He was taken to Swedish Medical Center, where he remained in a coma. Later that day, as Jamie lay in his hospital room, a deputy removed the shackles from his legs. Five days later, on January 25, Jamie died. His was at least the third suicide in the jail in the past three years.
"When we think of Jamie, he did not have an easy life," his sister recalled at a small family memorial service. "It makes one think that he just wasn't dealt a good hand. He had dreams for himself that he was only able to think of because of one misfortune or another."
Jamie's police record did not die with him.
On the night of August 19, 1992, Jamie had been arrested by Englewood police for driving while intoxicated. Because of his previous driving offenses, which were numerous, he was prosecuted as a habitual offender. After protracted court maneuvering, Jamie was given a deferred sentence in 1994. He was placed on probation for two years and told to repay court costs.
But he couldn't follow those rules, either. On August 31, 1996, Jamie's deferred sentence was revoked because he hadn't repaid the court system. He was ordered to appear in Arapahoe County District Court on November 21. He didn't, and a review was set for February 12, 1997.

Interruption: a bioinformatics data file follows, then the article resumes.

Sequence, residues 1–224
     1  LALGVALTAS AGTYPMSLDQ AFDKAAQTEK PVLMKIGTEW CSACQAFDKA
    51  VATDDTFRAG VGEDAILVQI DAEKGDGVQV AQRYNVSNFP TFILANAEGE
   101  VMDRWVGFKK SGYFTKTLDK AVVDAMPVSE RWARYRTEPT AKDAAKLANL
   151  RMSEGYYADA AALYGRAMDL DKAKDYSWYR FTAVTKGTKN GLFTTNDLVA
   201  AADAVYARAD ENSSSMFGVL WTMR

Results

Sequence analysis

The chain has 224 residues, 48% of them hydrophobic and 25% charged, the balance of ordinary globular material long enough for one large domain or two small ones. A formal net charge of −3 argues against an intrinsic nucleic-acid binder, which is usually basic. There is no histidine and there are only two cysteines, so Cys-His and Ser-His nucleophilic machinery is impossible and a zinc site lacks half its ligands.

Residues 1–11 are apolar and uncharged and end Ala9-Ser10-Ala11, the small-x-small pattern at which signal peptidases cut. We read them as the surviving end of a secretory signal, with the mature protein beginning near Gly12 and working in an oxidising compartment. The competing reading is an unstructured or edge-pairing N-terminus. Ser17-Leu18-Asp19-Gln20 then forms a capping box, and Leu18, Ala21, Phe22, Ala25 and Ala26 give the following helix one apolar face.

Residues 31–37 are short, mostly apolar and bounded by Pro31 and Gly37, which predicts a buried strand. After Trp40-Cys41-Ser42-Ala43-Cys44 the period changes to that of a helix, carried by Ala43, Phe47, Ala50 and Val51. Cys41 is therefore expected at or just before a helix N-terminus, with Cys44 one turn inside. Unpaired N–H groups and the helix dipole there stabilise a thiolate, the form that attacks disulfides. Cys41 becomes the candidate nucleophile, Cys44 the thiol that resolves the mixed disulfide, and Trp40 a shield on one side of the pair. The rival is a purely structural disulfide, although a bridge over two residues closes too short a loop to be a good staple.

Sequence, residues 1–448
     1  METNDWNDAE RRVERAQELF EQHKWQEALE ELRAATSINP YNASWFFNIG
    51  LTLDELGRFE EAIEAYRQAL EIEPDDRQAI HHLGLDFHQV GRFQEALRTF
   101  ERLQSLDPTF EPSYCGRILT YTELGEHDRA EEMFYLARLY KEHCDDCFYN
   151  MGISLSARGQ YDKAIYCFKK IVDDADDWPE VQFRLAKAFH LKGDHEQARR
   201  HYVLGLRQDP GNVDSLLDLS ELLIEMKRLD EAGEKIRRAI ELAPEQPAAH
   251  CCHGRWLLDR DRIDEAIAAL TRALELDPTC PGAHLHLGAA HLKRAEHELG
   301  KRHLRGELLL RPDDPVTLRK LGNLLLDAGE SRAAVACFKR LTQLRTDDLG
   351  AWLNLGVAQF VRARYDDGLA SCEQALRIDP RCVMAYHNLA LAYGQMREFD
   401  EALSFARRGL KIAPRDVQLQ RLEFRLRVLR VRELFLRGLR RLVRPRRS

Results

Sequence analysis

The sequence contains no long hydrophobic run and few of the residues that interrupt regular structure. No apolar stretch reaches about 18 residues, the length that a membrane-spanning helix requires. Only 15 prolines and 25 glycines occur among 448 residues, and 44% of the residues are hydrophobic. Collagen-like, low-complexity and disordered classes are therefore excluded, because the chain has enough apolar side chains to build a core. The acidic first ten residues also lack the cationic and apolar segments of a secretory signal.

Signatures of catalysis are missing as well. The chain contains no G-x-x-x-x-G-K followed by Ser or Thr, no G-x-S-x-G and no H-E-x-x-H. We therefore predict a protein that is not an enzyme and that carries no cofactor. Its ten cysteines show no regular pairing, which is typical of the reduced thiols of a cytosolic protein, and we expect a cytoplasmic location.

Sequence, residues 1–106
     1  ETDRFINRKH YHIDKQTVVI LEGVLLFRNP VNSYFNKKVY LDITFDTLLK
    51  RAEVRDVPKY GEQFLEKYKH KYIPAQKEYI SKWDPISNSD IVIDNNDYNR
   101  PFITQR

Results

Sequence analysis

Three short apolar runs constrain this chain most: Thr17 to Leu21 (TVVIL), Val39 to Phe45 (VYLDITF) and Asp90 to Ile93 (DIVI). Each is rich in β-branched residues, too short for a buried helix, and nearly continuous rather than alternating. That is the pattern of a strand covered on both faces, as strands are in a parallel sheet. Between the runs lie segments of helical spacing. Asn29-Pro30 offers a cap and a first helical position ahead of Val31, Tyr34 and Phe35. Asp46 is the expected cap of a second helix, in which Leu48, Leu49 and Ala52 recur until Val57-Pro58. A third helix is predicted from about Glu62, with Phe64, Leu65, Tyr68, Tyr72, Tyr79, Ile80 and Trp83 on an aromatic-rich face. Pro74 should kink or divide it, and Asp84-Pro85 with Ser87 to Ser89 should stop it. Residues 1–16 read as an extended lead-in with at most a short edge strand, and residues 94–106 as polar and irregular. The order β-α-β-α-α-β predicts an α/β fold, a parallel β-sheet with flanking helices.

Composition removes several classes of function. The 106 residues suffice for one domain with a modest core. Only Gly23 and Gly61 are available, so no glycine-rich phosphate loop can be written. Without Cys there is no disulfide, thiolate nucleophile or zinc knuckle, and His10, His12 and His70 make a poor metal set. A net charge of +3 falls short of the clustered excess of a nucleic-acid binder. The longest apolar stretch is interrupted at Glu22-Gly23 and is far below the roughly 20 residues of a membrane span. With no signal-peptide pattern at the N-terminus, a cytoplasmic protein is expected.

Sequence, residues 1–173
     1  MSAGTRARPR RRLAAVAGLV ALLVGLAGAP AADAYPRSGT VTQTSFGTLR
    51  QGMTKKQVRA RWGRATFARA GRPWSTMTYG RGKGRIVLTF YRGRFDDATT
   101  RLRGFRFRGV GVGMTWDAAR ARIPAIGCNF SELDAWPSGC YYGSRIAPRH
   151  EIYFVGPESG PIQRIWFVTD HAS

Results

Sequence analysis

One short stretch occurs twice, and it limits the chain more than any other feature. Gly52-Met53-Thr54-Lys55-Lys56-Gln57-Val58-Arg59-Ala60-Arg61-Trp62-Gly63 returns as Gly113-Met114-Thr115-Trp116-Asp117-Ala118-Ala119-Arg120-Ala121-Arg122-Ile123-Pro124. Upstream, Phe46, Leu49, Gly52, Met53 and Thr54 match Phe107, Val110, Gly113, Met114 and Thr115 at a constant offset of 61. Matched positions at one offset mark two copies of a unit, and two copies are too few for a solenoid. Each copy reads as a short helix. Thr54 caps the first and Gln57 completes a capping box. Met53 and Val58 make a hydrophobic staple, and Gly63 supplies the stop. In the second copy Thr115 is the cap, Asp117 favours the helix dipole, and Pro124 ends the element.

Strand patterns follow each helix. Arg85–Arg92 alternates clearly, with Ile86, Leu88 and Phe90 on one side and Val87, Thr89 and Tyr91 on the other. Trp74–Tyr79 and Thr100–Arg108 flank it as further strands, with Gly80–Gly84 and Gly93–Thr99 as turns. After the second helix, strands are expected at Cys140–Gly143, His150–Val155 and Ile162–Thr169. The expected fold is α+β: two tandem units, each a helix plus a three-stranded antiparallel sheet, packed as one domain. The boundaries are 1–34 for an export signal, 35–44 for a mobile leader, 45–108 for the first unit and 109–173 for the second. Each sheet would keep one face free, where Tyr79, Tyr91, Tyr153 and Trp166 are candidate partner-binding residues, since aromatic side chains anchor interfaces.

Which is when one of those paperwork snafus that seemingly happen only at the worst possible moments happened.
After Jamie attempted to kill himself on January 20, the Arapahoe County probation department received a fax indicating that Jamie had been admitted to Swedish--but not that he had died. So--according to the computer, anyway--the district court still expected him to make his February 12 court date.
When he didn't, the judge issued a warrant for his arrest. A warrant slip was mailed to the Arapahoe County Sheriff's Department, which is responsible for tracking down lost felons. Two weeks later the department acted on the warrant, which is how five deputies in three cars ended up at the Frasiers' house looking for Jamie a month after he died in their facility.
"We occasionally get information after the fact that someone has died," explains Lieutenant Keith Schooler of the Arapahoe County Sheriff's Department's warrant division. "The courts issue the warrant. We just try to track him down."
"It goes to show how well the system is on track," Amy says sarcastically. "Even if Jamie had been alive, he would have been in their jail. This has been mental anguish in itself.